The Economics of 3D Printing
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The Economics of 3D Printing

Discover why a 3D printer is worth the investment: cut costs and speed up your product development cycle with the economics of 3D printing.

3D printing is advancing into the realm of production, both in terms of work-holding to assist in machining operations and custom end-use parts. While the value of a printer may not seem apparent at first, executing the calculations will tell a different story. This post will walk you through the economics of 3D printing via cost and Return on Investment calculations. The Return On Investment (ROI) is an evaluation tool used to calculate the return you have gotten on an investment by percentage. This can apply to manufacturing technologies as well, to help determine how much you can save by using something like a 3D printer to justify its cost. While the price of a 3D printer may sound steep, it is the money you are saving by eliminating “routine” product manufacturing costs like work-holding, prototyping, and tooling costs that can make the printer worth the investment. Below, we outline the steps you can take to calculate the ROI for your printer.

Finding your ROI:

1. Calculating the Cost of Your Printed Part

The first step to determining the ROI of your 3D printer is calculating the cost of materials per part. Markforged’s Eiger software provides material estimates to simplify this process. I’ll be using a brake lever, one of our sample parts, for this example. As shown, I use 13.16 cubic centimeters of Onyx and 17.30 cubic centimeters of carbon fiber.

‍The internal view of our motorcycle brake lever sample part.

The cost and volume per spool of each material can be found on our materials page, and with this information we can find the price per cubic centimeter. For Onyx, spools currently cost $190 for 800 cc, or $0.24/cc, and carbon fiber, spools currently cost $150 for 50 cc, or $3.00/cc. With the following equation I can determine the material cost of my part:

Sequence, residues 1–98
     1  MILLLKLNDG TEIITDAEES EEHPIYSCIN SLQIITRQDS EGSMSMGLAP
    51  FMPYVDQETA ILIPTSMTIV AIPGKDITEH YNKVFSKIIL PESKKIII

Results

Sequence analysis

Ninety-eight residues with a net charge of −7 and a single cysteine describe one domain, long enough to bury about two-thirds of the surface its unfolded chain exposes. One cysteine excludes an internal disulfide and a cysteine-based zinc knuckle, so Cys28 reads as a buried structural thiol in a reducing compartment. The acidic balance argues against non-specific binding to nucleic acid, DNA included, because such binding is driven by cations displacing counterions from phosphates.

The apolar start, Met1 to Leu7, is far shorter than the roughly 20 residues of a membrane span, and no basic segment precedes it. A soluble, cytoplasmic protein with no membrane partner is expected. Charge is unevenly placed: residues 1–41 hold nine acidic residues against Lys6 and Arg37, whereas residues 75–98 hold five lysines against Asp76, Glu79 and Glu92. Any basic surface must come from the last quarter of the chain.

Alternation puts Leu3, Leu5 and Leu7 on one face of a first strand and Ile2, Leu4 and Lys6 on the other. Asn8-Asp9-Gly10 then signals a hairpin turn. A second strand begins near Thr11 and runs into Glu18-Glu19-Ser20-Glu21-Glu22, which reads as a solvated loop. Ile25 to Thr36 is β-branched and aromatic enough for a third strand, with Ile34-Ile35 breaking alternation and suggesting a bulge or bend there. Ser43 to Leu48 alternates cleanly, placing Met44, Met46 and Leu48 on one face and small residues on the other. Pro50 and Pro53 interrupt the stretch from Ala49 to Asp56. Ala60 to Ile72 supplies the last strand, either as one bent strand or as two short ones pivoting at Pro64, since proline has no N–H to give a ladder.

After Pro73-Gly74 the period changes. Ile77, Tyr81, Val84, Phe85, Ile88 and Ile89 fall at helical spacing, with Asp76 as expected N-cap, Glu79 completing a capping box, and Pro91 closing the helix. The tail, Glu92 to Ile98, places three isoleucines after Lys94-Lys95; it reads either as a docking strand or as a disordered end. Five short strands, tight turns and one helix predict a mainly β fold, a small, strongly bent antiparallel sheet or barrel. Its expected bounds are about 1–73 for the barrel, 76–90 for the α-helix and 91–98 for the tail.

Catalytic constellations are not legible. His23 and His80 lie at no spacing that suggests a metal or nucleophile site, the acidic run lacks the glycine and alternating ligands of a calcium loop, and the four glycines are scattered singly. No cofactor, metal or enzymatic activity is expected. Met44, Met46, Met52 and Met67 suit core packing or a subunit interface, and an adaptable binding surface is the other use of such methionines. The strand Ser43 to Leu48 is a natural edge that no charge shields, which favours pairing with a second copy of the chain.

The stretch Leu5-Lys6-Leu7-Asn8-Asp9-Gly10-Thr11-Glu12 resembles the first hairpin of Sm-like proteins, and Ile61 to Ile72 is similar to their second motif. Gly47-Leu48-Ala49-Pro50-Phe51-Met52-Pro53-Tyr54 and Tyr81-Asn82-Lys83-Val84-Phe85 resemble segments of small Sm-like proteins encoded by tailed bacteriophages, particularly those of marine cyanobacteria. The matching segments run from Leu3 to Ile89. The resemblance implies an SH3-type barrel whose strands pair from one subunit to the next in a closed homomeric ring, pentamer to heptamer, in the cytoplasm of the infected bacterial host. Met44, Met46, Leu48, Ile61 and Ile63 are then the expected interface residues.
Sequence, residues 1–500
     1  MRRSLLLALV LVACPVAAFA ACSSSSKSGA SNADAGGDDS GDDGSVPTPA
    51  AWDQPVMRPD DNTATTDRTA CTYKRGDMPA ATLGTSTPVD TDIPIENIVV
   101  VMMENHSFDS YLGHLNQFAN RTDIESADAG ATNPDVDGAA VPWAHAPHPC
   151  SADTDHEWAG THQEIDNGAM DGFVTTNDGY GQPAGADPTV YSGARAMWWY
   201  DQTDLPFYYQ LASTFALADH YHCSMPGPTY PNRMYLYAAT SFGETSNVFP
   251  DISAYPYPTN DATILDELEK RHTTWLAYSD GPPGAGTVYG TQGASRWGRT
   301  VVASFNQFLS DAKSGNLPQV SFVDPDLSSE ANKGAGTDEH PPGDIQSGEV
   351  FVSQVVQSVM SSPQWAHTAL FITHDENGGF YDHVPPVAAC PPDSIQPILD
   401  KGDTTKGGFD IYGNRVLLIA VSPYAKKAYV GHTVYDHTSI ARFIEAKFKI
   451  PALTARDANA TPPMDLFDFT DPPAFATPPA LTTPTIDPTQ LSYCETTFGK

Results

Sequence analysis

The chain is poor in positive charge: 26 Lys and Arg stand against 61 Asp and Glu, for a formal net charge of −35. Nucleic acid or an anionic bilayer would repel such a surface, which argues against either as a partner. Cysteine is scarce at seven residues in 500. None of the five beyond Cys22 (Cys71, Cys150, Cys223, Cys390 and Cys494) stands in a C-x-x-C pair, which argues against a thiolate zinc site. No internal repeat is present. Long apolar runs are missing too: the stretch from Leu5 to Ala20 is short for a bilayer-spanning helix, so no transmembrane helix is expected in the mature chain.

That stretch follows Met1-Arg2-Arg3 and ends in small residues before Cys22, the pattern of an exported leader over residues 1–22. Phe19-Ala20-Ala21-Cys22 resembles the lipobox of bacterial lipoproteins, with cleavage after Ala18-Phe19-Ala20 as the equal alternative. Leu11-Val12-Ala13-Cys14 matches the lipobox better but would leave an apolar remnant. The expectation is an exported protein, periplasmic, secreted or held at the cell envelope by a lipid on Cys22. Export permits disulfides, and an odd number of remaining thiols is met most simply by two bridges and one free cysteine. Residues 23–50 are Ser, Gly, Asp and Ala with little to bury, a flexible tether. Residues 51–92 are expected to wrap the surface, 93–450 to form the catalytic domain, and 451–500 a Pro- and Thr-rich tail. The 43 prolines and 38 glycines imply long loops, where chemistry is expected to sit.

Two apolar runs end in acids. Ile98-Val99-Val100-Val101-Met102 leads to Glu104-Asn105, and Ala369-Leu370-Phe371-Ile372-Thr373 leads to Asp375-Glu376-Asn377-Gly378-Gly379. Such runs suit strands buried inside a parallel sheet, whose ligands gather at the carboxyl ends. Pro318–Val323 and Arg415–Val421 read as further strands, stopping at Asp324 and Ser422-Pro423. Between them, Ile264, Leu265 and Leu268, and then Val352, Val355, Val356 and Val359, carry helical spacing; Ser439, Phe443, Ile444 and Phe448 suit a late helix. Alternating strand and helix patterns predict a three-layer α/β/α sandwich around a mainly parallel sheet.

(cost per cc of plastic * volume of plastic) + (cost per cc of fiber * volume of fiber) = Total Cost($0.24 /cc * 13.16 cc) + ($3/cc * 17.30 cc) = $3.16 + $51.90 = $55.06

So the total cost of this brake lever costs $55.06. For those of you familiar with desktop 3D printing, this may seem on the expensive side. However, as shown in the calculations, much of that expense comes from continuous carbon fiber, which reinforces this brake lever to be as strong as metal. However not all parts need to be packed with carbon fiber just to achieve that strength. As we’ve explained in previous posts, efficient fiber routing can reduce costs and print time.

Additionally, one of the values of a Markforged printer is its versatility. With different fibers, you can achieve different material properties. For example, fiberglass, one of our other continuous fiber options, can achieve about the same strength as carbon fiber, but ends up being heavier and less stiff. If I’m not concerned with weight, just strength, then fiberglass is a more cost effective option at $1.50/cc. With the same file and fiber routing optimized for fiberglass, the numbers change a bit. Here is what I get:

($0.24 /cc * 14.07 cc) + ($1.50/cc * 13.61 cc) = $3.38 + $20.42 = $23.80

With fiberglass, I can achieve about the same strength and save $31.27. This is why it is critical to determine what properties you want in your part. Each material has its own unique properties, and understanding how to use the fibers to your advantage for the strongest parts will help you cut down on costs. Parts don’t have to be packed with carbon fiber to meet the necessary strength needs of your product. While the strength does depend upon the geometry, you can use the geometry and loading conditions of your part to optimize fiber routing throughout your part. For example, if you only need to resist bending in one plane, use a sandwich panel instead of filling every layer with fiber, as explained here. These techniques allow further cost reduction for getting robust, beautiful, and precision parts.

2. Determining Costs of Alternate Production

So now that I’ve determined the final cost of my part is $55.06, it’s time to compare that cost to those of other manufacturing methods. This part is normally CNC milled, so I submitted it to a 3rd party manufacturing service to get a cost estimate. For quantities under 100, the per unit cost is $195.95. For quantities over 100, the per unit cost is $117.11 and further decreases in bulk quantities. These costs may vary depending upon the machining service or method you use. For example, if this part were cast, the initial cost would be extremely high to produce the mold, but the cost per part once the mold is produced would be minimal.